Cleveland Browns QB Brady Quinn Endures Coach Eric Mangini's Seven Deadly Sins

IsmailAnalyst IOctober 1, 2009

DENVER - SEPTEMBER 20:  Head coach Eric Mangini of the Cleveland Browns oversees warm ups prior to facing the Denver Broncos during NFL action at Invesco Field at Mile High on September 20, 2009 in Denver, Colorado. The Broncos defeated the Browns 27-6.  (Photo by Doug Pensinger/Getty Images)
Here are the seven sins of Browns Coach Eric Mangini- that have left a bad taste in my mouth- in regards to quarterback Brady Quinn.
No. 1 The Lack of Snaps in the Preseason
With all the drama that's unfolded over the past few days, this reason still stands as one of the biggest why not only Quinn struggled, but the Browns team has as well.
Due to the painstakingly long quarterback competition, neither Quinn or Anderson was able to establish any rhythm or chemistry with the offense. This was more damaging for Quinn, who had only a dozen quarters of NFL football under his belt coming into 2009. Unlike Anderson, who came in with ten times the experience.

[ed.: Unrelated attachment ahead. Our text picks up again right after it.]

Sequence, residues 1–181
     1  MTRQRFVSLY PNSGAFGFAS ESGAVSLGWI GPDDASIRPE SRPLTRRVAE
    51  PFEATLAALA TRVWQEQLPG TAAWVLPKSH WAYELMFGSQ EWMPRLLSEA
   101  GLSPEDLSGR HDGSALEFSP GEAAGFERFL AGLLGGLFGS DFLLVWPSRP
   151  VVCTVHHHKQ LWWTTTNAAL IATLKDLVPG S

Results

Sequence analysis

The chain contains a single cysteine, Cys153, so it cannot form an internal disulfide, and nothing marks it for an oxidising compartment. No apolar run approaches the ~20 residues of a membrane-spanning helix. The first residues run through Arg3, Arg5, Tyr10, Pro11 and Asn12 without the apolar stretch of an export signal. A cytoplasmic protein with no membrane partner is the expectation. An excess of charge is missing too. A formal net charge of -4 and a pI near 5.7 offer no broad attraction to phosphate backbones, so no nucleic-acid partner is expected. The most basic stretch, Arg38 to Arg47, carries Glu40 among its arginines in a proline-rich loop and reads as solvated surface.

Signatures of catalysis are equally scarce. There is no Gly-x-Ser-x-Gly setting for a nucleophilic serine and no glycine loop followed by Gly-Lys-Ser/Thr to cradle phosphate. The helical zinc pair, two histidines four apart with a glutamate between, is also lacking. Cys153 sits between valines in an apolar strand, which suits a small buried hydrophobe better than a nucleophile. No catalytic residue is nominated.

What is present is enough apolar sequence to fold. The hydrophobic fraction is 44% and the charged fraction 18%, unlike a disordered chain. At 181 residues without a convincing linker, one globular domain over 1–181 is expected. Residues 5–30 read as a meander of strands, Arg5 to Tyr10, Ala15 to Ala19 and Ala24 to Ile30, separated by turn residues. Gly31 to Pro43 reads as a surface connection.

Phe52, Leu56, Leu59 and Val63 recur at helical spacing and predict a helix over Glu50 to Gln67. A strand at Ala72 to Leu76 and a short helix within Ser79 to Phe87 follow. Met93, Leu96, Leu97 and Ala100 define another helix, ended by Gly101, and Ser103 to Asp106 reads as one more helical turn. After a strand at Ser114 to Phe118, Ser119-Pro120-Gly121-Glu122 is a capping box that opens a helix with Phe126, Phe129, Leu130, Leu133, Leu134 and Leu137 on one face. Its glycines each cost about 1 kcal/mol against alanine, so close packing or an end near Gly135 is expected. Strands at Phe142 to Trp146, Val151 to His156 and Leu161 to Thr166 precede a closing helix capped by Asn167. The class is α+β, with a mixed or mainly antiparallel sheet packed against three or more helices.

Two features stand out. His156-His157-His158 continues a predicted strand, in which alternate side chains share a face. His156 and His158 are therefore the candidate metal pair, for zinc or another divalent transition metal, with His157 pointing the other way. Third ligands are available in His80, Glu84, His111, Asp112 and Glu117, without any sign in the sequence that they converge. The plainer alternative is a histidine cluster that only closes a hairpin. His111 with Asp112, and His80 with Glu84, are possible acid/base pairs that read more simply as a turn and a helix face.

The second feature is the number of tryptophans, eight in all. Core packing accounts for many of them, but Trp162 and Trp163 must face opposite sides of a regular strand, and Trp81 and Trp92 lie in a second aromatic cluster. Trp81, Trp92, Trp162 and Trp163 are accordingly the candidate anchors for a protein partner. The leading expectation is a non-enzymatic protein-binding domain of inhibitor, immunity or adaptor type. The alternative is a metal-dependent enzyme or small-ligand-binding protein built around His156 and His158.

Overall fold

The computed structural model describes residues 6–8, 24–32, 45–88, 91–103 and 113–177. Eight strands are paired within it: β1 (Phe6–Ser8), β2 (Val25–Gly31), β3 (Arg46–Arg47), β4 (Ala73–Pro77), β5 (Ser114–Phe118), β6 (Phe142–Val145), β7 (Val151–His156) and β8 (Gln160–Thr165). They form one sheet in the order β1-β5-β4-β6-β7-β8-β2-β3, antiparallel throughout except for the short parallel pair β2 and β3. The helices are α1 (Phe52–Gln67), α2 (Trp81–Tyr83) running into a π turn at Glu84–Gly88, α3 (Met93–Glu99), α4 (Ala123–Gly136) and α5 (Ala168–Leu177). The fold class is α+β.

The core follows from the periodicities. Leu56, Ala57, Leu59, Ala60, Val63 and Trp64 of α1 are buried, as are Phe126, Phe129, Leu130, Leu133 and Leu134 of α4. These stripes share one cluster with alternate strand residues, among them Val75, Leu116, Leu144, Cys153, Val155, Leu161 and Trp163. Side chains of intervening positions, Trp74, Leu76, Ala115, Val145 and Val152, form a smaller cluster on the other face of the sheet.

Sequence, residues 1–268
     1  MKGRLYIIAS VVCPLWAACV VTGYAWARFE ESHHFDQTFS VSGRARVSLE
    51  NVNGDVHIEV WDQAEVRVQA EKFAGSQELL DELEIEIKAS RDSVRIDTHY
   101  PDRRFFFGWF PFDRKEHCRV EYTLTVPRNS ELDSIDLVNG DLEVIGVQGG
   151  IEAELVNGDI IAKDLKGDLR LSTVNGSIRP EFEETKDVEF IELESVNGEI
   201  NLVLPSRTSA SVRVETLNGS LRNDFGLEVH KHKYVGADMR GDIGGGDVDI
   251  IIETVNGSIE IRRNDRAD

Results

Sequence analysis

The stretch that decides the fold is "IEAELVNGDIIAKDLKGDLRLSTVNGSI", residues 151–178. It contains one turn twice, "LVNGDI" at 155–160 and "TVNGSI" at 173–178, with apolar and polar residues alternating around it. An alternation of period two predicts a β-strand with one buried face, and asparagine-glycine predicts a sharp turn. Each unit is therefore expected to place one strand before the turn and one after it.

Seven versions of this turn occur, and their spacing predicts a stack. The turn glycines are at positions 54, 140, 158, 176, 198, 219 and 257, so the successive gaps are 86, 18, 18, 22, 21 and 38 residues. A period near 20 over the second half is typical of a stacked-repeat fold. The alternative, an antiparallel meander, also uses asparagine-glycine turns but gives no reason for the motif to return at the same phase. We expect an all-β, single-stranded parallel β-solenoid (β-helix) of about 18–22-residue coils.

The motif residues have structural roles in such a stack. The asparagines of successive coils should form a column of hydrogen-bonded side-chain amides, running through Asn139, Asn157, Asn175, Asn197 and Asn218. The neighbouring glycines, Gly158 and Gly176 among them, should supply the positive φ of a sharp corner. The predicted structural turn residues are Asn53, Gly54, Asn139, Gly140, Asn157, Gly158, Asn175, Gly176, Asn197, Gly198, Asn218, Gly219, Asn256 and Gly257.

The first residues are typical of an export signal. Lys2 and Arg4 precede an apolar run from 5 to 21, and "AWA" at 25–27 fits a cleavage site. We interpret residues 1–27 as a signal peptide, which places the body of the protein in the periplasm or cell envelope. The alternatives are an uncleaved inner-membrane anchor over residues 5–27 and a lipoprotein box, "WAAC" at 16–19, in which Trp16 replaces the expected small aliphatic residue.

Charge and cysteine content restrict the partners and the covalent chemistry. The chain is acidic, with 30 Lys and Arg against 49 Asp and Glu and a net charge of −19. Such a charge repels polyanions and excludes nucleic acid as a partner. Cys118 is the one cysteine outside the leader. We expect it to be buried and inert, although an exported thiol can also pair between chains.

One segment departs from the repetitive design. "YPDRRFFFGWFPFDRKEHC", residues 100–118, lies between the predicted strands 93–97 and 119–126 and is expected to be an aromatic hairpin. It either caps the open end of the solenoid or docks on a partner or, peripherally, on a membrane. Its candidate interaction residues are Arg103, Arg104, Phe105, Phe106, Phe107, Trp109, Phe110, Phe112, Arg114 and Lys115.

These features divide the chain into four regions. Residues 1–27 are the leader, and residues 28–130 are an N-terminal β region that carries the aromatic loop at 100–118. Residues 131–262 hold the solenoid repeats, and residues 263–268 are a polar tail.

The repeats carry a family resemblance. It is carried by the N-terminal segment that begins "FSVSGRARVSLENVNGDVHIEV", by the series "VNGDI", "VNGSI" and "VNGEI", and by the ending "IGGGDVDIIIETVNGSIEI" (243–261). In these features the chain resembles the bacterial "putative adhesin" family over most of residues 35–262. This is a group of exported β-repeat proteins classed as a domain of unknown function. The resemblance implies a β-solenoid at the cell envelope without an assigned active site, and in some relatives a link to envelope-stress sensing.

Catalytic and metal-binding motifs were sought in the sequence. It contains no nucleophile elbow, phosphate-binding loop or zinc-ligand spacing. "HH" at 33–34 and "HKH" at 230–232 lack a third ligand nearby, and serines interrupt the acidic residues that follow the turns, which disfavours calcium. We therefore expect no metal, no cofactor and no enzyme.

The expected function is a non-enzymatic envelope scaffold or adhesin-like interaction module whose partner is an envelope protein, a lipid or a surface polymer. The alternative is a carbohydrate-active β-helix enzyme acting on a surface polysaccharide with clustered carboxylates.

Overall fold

Any way you slice it, this was a big problem right from the beginning. We've heard Tom Brady say he'd like more preseason games coming off his injury so that he could get back into a groove and find a rhythm. Same goes for Peyton Manning coming off his injury last year.
In essence, the Browns were still in preseason mode because of the lack of snaps given to Quinn in the preseason. Not only that, but the lack of practice and the coaching involved has seemingly stunted Quinn's growth as numerous observers who have watched Quinn over the last seven years have duly noted.
No. 2 Bad Play-Calling

There are three truths that are slowly becoming etched in stone for the Browns.


The first is that Mangini is not a good head coach.


The second is that Dabol is not a good offensive coordinator.


And the third is that the Browns problems and ineptitude do not start or end with the quarterback position, regardless if Quinn or Anderson is playing.


From the start of the season, the Browns have run a very conservative offense relying on short passes, screens, and the ground game. The result is that it hasn't worked.


Quinn may not have been executing this gameplan rather effectively, but it's still on the coaches for preparing such a ludicrous game plan in the first place.